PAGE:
Editorial
By Alejandro Grattan-Dominguez

     (On this, his 90th year—an occasion marked all around the world, and especially in London where 50,000 people gathered to help him celebrate his birthday—we thought it fitting to re-publish an editorial that we first ran some six years ago.)

Among the Greatest Men of the 20th Century

     Toward the end of the last spectacular century, polls indicated that people were almost evenly divided as to who had been the “greatest man of the 20th century,” Winston Churchill or Franklin D. Roosevelt.
     My vote would have been for FDR, mainly because his achieve-ments were two-fold: first, in guiding his country through its most catastrophic economic depression, and then leading the Allies to victory in the largest, most savage war in all of recorded history.
     My personal 20th century hero, however, is a modest, soft-spoken man who still walks among us, a giant among men who after having been imprisoned for 27 years in rabidly racist South Africa, later became president of that same (!) country, then united it in a way that had never been done before. That man is Nelson Mandela.
     However, this incredible accomp-lishment is only part of the story. Soon after leaving prison a free man, Mandela joined with the white leaders of South Africa in a heroic effort to stave off full-scale civil war. For their efforts, he and President de Klerk were awarded the Nobel Peace Prize. Then, after being swept into the presidency himself in a landslide vote, Mandela’s first official act was to make de Klerk his deputy president!
     The world watched, enthralled by the noble actions of what was obviously an inspired political leader. But how had it happened? How could an impoverished, poorly-educated black man spend more than two and a half decades in a 7 by 9 foot cell, and somehow emerge the brilliant leader South Africa had been awaiting for a hundred years?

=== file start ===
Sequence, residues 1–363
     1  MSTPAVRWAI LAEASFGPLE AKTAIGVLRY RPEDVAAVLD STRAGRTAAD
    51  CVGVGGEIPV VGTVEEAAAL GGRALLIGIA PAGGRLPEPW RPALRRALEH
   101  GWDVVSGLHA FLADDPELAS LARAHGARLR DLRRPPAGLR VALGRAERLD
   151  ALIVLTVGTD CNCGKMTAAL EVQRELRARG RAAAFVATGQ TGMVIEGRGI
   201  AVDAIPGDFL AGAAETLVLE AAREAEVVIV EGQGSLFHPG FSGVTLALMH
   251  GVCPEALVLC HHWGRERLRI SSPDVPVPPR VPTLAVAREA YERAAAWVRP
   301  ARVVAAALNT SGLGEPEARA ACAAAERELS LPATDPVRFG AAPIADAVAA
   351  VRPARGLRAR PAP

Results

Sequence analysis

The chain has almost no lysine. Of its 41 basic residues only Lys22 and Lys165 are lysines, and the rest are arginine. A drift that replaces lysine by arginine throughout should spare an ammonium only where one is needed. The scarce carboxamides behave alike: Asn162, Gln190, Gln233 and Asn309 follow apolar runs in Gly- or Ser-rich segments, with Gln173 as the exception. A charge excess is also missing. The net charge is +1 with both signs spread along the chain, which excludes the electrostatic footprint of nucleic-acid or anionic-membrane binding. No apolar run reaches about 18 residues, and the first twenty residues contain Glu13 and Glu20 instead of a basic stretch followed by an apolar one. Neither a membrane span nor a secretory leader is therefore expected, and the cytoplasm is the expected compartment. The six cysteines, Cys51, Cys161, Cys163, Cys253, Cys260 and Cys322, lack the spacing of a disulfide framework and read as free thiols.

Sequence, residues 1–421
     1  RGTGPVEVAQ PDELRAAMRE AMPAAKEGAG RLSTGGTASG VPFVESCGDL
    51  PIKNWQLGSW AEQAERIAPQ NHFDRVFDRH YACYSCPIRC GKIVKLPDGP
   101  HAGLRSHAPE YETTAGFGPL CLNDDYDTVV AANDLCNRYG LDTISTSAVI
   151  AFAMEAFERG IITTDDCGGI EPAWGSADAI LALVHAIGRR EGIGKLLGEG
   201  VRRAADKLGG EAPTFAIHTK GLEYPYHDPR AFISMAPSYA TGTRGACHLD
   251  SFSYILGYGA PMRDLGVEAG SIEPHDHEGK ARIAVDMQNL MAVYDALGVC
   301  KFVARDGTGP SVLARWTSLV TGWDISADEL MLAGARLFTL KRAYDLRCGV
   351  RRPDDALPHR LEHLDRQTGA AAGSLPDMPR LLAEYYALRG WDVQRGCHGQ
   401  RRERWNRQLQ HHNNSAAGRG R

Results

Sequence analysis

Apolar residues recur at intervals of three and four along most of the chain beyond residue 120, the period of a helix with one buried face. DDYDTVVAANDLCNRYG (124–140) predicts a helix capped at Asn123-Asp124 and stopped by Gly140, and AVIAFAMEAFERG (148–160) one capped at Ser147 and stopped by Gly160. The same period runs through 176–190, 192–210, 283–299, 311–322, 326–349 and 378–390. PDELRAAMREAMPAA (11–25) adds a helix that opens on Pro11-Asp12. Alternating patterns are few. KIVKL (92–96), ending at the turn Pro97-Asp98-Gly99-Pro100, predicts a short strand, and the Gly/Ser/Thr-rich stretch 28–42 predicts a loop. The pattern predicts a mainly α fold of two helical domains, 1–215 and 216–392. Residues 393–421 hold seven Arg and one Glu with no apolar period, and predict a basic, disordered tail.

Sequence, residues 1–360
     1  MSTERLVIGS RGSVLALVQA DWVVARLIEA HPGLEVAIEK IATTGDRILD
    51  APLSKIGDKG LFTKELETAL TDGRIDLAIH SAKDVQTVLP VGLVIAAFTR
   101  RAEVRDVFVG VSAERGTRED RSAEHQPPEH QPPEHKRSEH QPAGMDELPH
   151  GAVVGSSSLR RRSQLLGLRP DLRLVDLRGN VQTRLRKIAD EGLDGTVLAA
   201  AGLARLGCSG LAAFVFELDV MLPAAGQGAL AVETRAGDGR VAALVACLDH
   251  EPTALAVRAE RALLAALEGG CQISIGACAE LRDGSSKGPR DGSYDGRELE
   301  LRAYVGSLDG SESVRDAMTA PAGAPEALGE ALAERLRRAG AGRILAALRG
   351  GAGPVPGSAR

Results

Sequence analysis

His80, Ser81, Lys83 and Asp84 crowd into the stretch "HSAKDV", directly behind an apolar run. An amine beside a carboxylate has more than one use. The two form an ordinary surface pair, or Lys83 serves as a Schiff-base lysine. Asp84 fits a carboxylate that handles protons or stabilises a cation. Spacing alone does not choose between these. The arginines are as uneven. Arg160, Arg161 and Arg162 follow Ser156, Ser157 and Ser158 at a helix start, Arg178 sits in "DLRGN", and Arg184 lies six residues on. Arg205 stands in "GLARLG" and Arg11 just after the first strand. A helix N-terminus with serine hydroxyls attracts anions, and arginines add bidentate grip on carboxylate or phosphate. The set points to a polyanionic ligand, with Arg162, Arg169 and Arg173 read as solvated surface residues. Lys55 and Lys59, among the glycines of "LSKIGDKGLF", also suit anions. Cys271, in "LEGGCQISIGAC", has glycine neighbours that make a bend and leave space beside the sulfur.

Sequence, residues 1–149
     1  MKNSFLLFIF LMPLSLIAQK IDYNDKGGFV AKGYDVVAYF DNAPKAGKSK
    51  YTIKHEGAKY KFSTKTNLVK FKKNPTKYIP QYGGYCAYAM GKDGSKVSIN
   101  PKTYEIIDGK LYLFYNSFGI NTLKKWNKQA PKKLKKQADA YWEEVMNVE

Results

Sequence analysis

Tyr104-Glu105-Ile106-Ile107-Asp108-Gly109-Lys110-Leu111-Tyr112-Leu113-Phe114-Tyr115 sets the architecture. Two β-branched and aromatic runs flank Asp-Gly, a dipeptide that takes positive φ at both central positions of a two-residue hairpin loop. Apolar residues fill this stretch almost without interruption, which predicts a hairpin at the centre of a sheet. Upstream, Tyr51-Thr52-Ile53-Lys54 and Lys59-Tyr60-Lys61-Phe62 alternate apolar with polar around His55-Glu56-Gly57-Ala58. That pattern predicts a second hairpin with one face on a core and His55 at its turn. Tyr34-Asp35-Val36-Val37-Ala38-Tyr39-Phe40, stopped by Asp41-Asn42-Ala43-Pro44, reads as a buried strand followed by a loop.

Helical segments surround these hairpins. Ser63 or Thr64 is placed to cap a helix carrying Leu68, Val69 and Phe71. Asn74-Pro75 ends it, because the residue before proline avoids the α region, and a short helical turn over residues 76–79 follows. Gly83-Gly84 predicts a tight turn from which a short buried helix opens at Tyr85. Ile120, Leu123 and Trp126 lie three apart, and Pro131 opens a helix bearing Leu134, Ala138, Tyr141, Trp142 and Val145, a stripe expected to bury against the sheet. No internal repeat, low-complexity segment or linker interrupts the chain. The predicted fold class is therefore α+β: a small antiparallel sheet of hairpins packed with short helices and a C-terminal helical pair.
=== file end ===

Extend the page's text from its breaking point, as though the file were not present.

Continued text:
Mandela has often shared some of the secret. “I left prison more informed than when I went in. And the more informed you are, the less arrogant and aggressive you become.” In prison, he devoured books because he knew that free-dom’s most powerful weapon is knowledge.
     Mandela also learned the sublime art of how to defeat his opponents without dishonoring them. Some-where along the line, he likewise learned humility, as well as the true meaning of compassion. In daring not to hate his enemies, he eventually would disarm them.
     On the day he finally was released from prison, he asked that some of his white captors gather at the gate, so he could thank them for the small kindnesses they had shown him over the years. Ever modest, he thought there might be but a handful of guards there to say goodbye to him; instead the entire corps of prison personnel were there that morning to wish him well—and just past the gate were tens of thousands of his countrymen, and newsreel cameras from all around the world.
     Yet, despite the tumultuous reception, what very few suspected— perhaps least of all Mandela himself—was that his march toward the pan-theon of the 20th century’s great-est leaders was about to begin.